serious threat to established interests. Meetings and
     demonstrations will be broken up by police; leaders will be
     arrested and movement followers intimidated in various time-proven
     ways. Infiltrating agents will encourage the movement toward
     violence, and agent provocateurs will carry out violent acts in
     the name of the movement. These techniques have been used
     throughout history - they must be viewed as "standard practice."
     Such techniques were used by the Tzar in the years before 1918;
     they have been used by the British and US governments against
     labor movements in the first half of this century; they were used
     extensively by the US government against the anti-Vietnam and New
     Left movements in the sixties and seventies. Perhaps the most
     famous example of agent provocateurism was the (1933) Reichstag
     fire in which, evidently, the Nazis burned down the Reichstag
     building themselves and then blamed it on the communists.

     The existence of such well-known and oft-practiced techniques is
     all the more reason to maintain very strict non-violent movement

     Of all establishment strategems, one of the most potent is
     co-option. Co-option is simply the granting of privileges
     sufficient to defuse a movement. In the US the agency of co-option
     is typically the Democratic Party. The turn-of-the-century
     agrarian Populists, for example, mounted a huge movement. They had
     thirty thousand speakers who travelled around the countryside
     spreading their message and recruiting members. They represented
     the interests of small farmers and fought against corporate
     domination of the agricultural industry and the national economy.
     The strength of the movement was so great that it actually
     threatened to achieve victories at the ballot box.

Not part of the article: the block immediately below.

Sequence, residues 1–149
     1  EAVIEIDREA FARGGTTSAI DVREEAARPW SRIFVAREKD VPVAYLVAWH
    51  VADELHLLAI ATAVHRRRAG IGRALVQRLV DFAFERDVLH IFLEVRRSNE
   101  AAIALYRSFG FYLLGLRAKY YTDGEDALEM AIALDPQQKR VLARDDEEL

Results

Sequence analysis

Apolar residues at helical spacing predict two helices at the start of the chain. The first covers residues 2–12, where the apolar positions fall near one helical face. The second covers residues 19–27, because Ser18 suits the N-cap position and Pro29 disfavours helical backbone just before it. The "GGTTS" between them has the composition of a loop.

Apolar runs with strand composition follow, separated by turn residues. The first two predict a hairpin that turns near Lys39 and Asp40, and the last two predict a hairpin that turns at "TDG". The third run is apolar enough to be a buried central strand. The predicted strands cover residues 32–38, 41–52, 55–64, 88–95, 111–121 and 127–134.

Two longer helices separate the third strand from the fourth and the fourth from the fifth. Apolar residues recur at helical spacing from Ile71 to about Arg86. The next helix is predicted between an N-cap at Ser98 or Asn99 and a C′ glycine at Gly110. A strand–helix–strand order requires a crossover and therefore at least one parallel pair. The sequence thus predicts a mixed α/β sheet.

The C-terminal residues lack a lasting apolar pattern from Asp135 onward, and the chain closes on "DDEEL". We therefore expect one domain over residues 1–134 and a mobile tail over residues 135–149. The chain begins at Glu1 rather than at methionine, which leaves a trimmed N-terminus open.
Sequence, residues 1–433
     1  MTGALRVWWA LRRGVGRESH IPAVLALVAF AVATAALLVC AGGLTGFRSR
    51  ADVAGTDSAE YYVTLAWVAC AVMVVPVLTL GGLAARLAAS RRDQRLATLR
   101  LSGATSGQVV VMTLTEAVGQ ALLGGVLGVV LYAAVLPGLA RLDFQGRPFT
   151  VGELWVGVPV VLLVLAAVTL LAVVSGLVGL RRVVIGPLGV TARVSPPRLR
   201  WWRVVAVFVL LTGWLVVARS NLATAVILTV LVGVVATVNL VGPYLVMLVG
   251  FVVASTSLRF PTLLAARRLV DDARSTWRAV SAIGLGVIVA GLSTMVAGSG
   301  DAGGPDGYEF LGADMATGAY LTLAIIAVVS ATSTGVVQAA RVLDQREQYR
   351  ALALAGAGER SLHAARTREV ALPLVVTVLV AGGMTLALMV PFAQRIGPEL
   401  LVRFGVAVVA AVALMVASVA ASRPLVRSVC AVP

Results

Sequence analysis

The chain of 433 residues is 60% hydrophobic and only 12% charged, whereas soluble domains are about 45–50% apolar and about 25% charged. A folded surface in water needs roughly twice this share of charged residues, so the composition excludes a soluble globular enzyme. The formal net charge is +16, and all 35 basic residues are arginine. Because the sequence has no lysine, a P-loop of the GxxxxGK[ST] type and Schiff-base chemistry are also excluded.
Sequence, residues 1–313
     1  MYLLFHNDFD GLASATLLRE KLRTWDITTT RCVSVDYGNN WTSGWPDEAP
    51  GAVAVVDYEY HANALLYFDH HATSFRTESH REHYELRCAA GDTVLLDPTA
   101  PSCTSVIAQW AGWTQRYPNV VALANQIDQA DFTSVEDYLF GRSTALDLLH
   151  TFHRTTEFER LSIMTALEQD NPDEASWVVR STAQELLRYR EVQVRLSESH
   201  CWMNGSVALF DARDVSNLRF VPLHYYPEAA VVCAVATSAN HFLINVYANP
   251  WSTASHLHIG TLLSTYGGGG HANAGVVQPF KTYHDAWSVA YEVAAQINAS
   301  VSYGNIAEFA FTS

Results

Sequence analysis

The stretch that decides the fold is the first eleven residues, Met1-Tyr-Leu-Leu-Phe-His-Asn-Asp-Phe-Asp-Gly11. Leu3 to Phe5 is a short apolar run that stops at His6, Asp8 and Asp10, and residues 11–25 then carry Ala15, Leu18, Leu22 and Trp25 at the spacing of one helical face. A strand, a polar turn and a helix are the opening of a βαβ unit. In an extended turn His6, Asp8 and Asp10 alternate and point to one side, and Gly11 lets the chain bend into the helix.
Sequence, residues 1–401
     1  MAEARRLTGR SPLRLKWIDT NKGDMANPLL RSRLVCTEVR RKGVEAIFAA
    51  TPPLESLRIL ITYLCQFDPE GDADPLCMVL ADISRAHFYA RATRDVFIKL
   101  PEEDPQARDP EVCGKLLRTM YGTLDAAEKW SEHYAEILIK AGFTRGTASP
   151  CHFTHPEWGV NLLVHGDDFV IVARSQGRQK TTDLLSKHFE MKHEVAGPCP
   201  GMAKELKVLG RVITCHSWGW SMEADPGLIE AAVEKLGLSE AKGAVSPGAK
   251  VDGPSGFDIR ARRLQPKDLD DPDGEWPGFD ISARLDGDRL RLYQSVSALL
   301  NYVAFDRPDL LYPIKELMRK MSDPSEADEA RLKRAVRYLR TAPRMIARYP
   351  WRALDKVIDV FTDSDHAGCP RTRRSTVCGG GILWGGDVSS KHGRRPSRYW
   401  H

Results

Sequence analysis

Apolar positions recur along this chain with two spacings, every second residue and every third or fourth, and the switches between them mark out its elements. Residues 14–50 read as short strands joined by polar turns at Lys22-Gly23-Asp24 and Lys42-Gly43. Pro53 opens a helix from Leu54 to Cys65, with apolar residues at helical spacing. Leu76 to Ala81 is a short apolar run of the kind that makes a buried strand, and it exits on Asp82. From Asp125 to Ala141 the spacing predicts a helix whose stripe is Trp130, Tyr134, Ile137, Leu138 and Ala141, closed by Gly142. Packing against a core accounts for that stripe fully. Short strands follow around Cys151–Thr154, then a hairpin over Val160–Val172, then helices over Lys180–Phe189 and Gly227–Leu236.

Into the breach against them was sent the Democratic Party.
     William Jennings Bryan was the Democratic candidate for President
     in 1896, and he "talked the talk" of the Populists. The Populist's
     endorsed Bryan, and put all their eggs in the basked of electoral
     victory. Within a few years the Populists had disappeared as a
     political entity and the Populist movement was destroyed. The
     Populists made other strategic errors - they refused to seek
     alliances with urban workers for example. But it was co-option
     that drove the final nail in their coffin.

     The US civil-rights movement of the sixties was a broad-based,
     grass-roots movement. It mobilized millions of black people and
     many white sympathizers from both the South and the North. Federal
     civil-rights legislation, while granting some of the measures
     demanded by civil-rights leaders, also succeeding in taking the
     steam out of the movement. Instead of a dynamic force for
     progressive change, the movement became simply another
     special-interest group to be manipulated at election time like all
     the others.

     Co-option is very similar to reformism. Reformism is when a
     movement sets out to gain privileges instead of power; co-option
     occurs when a movement seeking power is seduced into accepting
     privileges instead. In both cases a priceless jewel of democracy -
     aroused popular will and a functioning grass-roots organization -
     are traded, so to speak, for the temporary loan of forty pieces of

     Induced economic crisis
     Part of what globalization is about is the centralization of
     economic power and decision making into private capitalist hands.
     In the Third World the IMF is able to play with national economies
     as if they were sandcastles - building them up, or washing them
     away, at will. The US and Europe are no less vulnerable to
     economic manipulation. Private bankers call the economic shots. In
     the US, it is the private Federal Reserve that makes the big
     economic decisions, outside of the political process; in the UK,
     the Bank of England has recently been separated from political
     control according to precisely the same formula. Europe has for
     years marched to the fiscal tune of the independently-minded
     Bundesbank. Prosperity or recession are largely the arbitrary
     choice of private bankers - the very epitome of the capitalist

     In current circumstances, while Western populations are being led